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Alchemy3 Featured in LIMA's Inside Licensing March Issue

State Lotteries Draw on Licensing to Spur Game Sales

This article orginally appeared in the March 1, 2016 issue of Inside Licensing

Licensing is a major attraction for state lotteries as they draw on the equity of TV shows, videogames, sports franchises, characters, board games and corporate brands to spur sales of instant and other games.

Licensed properties helped power a strong performance in instant ticket sales in lotteries around the U.S. in the year ended June 30, 2015, during which ticket sales increased 3% to $63.6 billion, according to La Fleur’s Magazine, which tracks the lottery business. 

A $3 billion licensed market
Instant tickets generated about $37 billion in revenue, with licensed versions accounting for 8-10% of that total, says Scientific Games’ Stephen Saferin, whose company is one of four major lottery ticket suppliers for the U.S. market, a list that also includes Alchemy3, Pollard Banknote and International Game Technology (IGT). That translates into better than a $3 billion market for the licensed segment.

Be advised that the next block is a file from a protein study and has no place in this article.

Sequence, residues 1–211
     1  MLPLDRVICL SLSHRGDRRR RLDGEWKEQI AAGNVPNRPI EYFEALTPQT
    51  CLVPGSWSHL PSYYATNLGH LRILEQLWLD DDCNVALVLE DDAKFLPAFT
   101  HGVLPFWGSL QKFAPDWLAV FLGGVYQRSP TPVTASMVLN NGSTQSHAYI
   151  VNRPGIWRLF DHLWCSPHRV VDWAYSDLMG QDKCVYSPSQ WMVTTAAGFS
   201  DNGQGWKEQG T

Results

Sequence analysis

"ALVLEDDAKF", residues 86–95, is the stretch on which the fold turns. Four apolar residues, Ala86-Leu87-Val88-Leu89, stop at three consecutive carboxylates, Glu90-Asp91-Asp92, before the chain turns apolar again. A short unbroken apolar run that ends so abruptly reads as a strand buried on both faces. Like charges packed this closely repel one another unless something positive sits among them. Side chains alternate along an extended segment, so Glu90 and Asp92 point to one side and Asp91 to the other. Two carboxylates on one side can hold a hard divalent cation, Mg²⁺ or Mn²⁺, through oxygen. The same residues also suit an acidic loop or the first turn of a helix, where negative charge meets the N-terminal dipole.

Those ticket suppliers are the actual licensees, responsible for marketing the games to the state lottery boards, printing the tickets and, in some cases, sourcing additional prize merchandise. The lottery boards are responsible for staging and promoting the games. The most prolific distribution points, say industry executives, are generally convenience stores and gas stations.

Retail pricing of the tickets is fairly consistent. Licensed games generally start at $2 per ticket and can range as high as $20, with the largest percentage at the $5 price point. But lotteries often buy additional licensed products as prizes, many for so-called second-chance games in which non-winners of instant games can enter codes from their cards to take part in a second drawing.